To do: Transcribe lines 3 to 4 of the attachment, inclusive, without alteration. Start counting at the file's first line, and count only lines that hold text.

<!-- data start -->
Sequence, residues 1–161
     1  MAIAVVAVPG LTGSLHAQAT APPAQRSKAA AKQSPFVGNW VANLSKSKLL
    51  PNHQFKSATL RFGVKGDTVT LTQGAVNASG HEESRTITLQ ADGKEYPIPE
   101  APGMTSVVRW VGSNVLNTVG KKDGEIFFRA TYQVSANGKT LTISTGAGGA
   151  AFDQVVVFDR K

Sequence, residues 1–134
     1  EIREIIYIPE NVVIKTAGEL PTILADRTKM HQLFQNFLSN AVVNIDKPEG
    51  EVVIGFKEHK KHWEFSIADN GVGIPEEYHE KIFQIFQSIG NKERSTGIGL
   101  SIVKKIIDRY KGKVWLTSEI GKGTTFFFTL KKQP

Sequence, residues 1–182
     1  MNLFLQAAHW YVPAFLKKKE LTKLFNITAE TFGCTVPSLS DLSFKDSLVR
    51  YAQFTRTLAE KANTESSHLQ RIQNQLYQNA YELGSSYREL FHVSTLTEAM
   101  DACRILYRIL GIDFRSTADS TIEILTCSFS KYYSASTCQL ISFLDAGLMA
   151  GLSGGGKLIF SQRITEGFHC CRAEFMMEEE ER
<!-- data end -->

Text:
    51  PNHQFKSATL RFGVKGDTVT LTQGAVNASG HEESRTITLQ ADGKEYPIPE
   101  APGMTSVVRW VGSNVLNTVG KKDGEIFFRA TYQVSANGKT LTISTGAGGA